Positive Pay is one of the most powerful tools a business can use to protect your company against check and ACH fraud.
Adirondack Bank’s Positive Pay service is a proactive banking solution that can prevent your business from becoming a victim of check or ACH fraud. This fraud mitigation tool allows Business Online Banking customers to view checks issued and paid as well as ACH transactions for potential fraud and allows the customer to make timely decisions to return any questionable check or ACH payment.
- When you provide a file listing of checks to the Bank, each check will contain a specific profile (date, check number and dollar amount)
- Those check records are exported from your file list, and imported to the Centrix Positive Pay system
- As those checks are deposited and ACH items are received and reach ADK Bank for posting, we compare the details of the check or ACH to the details you provided when it was originally issued
- If differences or discrepancies are found, the check or ACH item is flagged, and placed in the "Exception" list for you to review and decide whether to pay or return the item
Easily Manage Your Cards
CardValet® is a mobile app that lets you control your debit card usage and spending on the go. This convenient service lets you lock and unlock your ADK debit card, set and remove spending limits, restrict transactions, and even schedule alerts!
- Real-time alerts keep you informed when your cards are used
- Turn your cards on or off, in an instant, for any reason
- When your cards are "off," no withdrawals or purchases will be approved
- Set spending limits for general use or specify thresholds by merchant types, such as gas, groceries, or retail stores
- Establish controls by location and change parameters via your mobile device
A Greater Sense of Security.
Adirondack Bank’s Online Banking customers can now set up real time alerts for their accounts with Notifi. You choose which alerts you are interested in such as password changes, low balance information, transfer, transaction, and even ATM activity.
Just login to Online Banking and click “Alerts” in the upper right-hand corner. You can choose to receive your alerts via email or text. Change criteria as needed. It’s a great way to keep track of your account activity!
Your Security is Our Concern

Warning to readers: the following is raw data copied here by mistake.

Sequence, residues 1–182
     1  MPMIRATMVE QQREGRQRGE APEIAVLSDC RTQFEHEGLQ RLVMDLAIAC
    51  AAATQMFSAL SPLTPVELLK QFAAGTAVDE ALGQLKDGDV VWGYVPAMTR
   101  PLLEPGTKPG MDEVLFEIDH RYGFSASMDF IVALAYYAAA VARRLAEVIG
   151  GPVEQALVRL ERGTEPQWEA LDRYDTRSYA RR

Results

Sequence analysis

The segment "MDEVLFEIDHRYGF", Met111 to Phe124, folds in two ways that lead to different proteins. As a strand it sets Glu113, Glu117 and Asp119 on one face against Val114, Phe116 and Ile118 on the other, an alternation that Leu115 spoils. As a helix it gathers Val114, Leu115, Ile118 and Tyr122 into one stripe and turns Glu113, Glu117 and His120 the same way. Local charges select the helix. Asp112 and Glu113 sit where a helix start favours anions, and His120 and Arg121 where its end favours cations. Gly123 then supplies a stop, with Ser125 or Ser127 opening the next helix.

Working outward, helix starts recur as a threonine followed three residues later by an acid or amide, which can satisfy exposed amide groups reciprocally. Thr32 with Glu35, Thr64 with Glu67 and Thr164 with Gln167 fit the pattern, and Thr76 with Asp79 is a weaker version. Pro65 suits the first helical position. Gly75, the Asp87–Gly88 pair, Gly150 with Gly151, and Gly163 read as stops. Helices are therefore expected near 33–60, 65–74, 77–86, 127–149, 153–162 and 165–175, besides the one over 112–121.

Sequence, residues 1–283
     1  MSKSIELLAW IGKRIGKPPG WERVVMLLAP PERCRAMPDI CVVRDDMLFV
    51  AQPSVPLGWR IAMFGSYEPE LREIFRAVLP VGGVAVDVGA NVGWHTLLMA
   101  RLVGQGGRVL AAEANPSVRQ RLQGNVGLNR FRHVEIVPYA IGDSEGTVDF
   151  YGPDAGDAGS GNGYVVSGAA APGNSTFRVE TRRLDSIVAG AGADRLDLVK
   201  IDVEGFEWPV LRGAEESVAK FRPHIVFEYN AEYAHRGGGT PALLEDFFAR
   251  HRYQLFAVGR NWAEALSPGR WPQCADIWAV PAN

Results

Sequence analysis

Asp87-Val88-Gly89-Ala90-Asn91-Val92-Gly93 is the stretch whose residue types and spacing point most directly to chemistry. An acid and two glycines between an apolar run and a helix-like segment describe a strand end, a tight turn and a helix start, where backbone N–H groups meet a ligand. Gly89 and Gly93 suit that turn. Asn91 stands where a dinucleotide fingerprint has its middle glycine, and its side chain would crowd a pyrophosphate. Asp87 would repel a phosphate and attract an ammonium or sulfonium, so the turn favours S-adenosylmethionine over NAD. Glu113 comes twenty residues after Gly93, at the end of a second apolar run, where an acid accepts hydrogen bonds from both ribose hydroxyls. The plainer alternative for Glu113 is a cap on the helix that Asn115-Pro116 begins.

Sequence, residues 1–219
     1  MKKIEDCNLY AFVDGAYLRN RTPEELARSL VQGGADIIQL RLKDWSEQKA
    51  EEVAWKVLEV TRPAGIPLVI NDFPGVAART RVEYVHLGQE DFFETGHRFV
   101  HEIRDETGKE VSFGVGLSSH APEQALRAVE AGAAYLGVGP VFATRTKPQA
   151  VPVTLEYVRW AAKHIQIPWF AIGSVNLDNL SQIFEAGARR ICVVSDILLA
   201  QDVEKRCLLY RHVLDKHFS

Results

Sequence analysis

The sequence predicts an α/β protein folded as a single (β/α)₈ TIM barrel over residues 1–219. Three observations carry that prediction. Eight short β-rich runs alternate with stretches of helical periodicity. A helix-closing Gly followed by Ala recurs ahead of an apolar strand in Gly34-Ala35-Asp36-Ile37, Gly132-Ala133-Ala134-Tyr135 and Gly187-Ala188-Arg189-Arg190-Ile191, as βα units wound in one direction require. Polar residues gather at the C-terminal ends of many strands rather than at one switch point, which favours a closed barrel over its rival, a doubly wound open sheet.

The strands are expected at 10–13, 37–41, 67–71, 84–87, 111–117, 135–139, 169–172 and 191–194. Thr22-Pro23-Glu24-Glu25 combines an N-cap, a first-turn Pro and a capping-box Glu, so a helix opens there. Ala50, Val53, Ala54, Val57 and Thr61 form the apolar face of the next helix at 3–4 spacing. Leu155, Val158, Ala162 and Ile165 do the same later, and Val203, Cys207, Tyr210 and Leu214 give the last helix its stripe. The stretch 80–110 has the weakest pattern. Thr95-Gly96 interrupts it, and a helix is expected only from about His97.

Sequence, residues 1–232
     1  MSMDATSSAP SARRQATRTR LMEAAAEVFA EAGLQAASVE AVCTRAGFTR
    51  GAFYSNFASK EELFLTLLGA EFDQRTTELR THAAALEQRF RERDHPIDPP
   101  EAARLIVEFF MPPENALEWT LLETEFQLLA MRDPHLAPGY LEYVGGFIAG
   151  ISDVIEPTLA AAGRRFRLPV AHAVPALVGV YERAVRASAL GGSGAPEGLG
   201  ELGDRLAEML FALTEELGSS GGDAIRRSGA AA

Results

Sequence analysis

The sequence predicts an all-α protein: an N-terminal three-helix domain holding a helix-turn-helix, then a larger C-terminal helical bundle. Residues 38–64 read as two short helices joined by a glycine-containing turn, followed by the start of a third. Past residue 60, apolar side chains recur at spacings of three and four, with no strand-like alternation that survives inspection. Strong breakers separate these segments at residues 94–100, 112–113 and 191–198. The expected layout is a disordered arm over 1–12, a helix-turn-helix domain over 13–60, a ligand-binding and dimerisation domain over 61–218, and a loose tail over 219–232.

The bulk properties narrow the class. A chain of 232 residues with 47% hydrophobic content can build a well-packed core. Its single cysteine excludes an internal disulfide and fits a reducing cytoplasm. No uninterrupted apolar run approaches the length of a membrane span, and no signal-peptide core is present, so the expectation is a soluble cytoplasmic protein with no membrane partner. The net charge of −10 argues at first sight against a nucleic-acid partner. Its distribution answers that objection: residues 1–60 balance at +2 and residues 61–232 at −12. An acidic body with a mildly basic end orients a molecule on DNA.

Internet fraud is alive and well, and it’s costing victims thousands of dollars. In fact, the FBI’s Internet Crime Compliant Center (IC3) received a record 791,790 complaints of online fraud in 2020, with $4.1 billion in reported losses—that’s an average of over 2,100 per day at around $5,000 per person.
You should never click the links provided in emails you can't independently confirm. Doing so will make your computer and personal information vulnerable to viruses and malware. Again, though the sender may seem legitimate—which is exactly what the scammer wants you to believe—no reputable institution will ask for your password or other key personal information online.
Identity theft refers to all types of crime in which someone wrongfully obtains and uses another person's personal data in some way, typically for economic gain.
With enough identifying information about an individual, a criminal can take over that individual's identity to conduct a wide range of crimes. For example:
- False applications for loans and credit cards
- Obtain medical services
- Fraudulent withdrawals from bank accounts
- Fraudulent use of online accounts
These acts can damage your credit status, and cost you time and money to restore your good name.
Phishing attacks are the practice of sending fraudulent communications that appear to come from a reputable source. It is usually performed through email. The goal is to steal sensitive data like credit card and login information or to install malware on the victim's machine. Phishing is a common type of cyber attack that everyone should learn about in order to protect themselves.
Phishing starts with a fraudulent email or other communication designed to lure a victim. The message is made to look as though it comes from a trusted sender. If it fools the victim, he or she is coaxed into providing confidential information--often on a scam website. Sometimes malware is also downloaded onto the target's computer.